Another book you’ll want to invest a walk to the local library in is Alice Walker’s The Color Purple. The book is beautiful, in every aspect, but what draws me today is a small bit that has tied itself to software (for me). A character is writing to her sister about the pants she is making as a gift: “Every stitch a kiss.”
It’s obviously important to love what you do. But how many of us put that much love into our writing? I know that many do, and I can instantly tell by using their software. This community being one. DJB’s software being more. Given the opportunity to view the source code, the love is even more apparent.
And that is how I would like to approach my work. “Every line a kiss.” When I put that much of myself into a creation, it becomes a mirror, and therefore can’t help but reflect greatness. This is true of us all.
When we become more aware of ourselves through our very creations, we begin to notice the blaring connections to others on the periphery. Which is why it’s important that you spend your invaluable time on raising other people up around you. An overly healthy network enriches yourself.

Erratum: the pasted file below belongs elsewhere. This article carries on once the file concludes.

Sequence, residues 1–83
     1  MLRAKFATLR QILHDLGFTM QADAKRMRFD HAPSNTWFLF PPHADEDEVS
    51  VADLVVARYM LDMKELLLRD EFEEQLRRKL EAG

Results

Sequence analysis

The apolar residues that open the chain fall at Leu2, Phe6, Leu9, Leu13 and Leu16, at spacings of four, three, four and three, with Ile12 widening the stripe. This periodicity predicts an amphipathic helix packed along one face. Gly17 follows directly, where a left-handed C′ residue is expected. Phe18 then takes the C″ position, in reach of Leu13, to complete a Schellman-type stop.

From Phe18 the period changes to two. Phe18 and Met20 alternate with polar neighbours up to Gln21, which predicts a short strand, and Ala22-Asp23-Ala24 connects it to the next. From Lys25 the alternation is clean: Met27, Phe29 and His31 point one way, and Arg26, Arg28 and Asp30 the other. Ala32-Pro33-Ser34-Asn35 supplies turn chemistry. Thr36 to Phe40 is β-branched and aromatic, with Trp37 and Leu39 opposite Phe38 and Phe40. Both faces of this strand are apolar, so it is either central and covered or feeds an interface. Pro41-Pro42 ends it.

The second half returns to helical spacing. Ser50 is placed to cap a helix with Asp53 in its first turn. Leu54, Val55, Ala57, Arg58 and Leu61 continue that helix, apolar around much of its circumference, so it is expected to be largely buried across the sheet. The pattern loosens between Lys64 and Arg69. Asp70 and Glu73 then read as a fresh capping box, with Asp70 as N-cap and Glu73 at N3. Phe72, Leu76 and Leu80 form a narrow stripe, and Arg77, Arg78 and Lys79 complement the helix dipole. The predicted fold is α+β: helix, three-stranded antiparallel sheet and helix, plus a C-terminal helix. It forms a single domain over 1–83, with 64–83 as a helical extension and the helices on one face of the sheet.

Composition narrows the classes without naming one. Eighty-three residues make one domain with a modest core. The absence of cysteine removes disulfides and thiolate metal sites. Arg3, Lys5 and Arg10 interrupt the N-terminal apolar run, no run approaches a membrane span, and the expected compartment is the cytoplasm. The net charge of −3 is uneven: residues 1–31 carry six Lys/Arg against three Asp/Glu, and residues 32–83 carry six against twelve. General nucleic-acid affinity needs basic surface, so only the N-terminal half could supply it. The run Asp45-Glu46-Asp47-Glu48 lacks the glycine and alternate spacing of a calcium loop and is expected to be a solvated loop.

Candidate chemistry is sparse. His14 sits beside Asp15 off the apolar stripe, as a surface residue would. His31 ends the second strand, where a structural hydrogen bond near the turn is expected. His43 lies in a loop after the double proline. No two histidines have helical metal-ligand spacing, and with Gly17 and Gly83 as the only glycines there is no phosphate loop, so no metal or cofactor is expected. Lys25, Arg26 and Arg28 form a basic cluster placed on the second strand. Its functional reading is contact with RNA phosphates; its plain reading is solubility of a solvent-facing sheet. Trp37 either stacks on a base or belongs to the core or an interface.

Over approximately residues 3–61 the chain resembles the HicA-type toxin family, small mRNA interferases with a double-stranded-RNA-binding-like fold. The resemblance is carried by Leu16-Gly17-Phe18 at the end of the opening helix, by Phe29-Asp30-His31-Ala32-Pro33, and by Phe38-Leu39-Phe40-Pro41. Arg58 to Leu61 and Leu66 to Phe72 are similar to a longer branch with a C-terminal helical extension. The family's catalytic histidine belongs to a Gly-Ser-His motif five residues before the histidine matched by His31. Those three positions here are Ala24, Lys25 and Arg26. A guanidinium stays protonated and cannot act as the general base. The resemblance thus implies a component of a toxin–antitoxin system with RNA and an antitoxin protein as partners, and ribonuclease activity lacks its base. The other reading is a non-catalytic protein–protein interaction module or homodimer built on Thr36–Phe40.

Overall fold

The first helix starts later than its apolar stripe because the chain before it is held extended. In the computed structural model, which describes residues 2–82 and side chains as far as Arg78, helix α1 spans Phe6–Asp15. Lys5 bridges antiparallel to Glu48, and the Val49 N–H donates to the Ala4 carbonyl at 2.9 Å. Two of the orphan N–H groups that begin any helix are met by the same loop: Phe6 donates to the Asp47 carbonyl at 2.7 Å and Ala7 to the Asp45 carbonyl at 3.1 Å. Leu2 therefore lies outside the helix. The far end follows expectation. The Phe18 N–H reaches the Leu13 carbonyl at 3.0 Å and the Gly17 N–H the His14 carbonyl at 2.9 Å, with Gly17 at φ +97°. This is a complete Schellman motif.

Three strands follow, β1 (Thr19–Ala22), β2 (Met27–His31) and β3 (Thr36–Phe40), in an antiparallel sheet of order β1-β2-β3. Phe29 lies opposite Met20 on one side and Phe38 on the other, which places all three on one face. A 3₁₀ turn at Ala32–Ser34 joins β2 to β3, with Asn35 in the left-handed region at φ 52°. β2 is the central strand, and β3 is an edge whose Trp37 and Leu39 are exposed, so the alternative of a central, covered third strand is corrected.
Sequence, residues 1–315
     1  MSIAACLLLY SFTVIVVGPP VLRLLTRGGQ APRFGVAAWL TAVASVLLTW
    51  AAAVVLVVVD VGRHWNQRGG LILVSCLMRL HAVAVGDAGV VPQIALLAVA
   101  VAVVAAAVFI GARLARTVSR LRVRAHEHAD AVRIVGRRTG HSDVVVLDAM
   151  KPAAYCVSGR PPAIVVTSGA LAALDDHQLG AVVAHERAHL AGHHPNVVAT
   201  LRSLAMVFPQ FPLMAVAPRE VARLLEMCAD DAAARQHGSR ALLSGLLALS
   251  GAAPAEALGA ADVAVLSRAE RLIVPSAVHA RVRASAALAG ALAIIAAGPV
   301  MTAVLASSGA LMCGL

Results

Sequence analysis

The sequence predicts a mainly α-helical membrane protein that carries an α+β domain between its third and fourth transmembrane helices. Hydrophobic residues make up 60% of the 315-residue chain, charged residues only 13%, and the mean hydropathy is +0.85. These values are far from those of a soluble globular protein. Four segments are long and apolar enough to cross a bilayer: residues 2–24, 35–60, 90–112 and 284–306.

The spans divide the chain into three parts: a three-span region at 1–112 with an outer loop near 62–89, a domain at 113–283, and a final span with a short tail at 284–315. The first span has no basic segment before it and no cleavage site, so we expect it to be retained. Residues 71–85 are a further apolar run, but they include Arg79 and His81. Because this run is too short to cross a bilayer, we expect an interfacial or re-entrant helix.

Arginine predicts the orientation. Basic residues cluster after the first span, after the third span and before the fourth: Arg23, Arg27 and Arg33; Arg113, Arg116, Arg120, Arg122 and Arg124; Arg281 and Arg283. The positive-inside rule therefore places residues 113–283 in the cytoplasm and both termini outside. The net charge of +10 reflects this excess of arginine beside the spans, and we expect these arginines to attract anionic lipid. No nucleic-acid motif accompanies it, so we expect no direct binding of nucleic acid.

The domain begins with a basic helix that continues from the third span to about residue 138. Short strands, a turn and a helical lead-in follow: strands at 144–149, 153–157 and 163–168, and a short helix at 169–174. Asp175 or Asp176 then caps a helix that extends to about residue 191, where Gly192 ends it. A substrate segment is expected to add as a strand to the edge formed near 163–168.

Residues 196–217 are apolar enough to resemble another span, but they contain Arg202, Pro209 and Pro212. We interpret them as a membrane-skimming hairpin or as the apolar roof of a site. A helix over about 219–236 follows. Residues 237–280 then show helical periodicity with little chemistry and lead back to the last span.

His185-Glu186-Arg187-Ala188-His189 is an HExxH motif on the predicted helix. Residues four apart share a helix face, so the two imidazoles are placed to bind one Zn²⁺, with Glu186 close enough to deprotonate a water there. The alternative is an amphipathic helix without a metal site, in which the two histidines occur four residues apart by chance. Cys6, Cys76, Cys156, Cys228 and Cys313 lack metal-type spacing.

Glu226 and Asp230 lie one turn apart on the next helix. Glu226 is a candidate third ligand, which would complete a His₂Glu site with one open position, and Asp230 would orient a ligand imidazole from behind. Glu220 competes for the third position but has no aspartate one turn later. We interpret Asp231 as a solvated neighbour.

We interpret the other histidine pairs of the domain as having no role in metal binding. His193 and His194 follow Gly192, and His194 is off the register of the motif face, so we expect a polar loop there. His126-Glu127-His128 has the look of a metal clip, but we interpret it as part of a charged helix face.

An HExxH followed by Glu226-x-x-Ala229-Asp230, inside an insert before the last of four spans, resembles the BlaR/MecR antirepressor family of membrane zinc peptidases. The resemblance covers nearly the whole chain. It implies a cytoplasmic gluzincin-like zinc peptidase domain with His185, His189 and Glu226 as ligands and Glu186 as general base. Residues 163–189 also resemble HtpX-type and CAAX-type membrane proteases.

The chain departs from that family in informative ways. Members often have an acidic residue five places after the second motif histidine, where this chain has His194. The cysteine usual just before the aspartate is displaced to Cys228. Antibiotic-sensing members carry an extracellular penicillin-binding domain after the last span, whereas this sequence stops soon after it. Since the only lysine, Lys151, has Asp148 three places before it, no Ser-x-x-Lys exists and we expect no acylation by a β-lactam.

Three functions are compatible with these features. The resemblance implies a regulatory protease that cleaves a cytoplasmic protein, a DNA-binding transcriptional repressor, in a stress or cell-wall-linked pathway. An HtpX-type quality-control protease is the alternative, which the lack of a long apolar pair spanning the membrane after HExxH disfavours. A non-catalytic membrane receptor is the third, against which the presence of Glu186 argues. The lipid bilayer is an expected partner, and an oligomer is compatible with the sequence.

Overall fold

Look at your creation, look at yourself, ask how you can be applied to the water crisis. How you can help abused children. Not far off a goal. For instance, I have a feeling that the trust metric behind this community could very well be used to create a trusting safe-house network for those who are abused to seek shelter and compassion. This ranges from children to prostitutes and women trapped in the pornography industry under the threat of more violence. Can you apply the code to something as real as that?
We waste a lot of time. We waste a lot of resources. It’s time, given that our work lives are readily apparent and in the open, that our everyday life becomes the same. An open source, free life, raising everyone up to the same level. Think of that.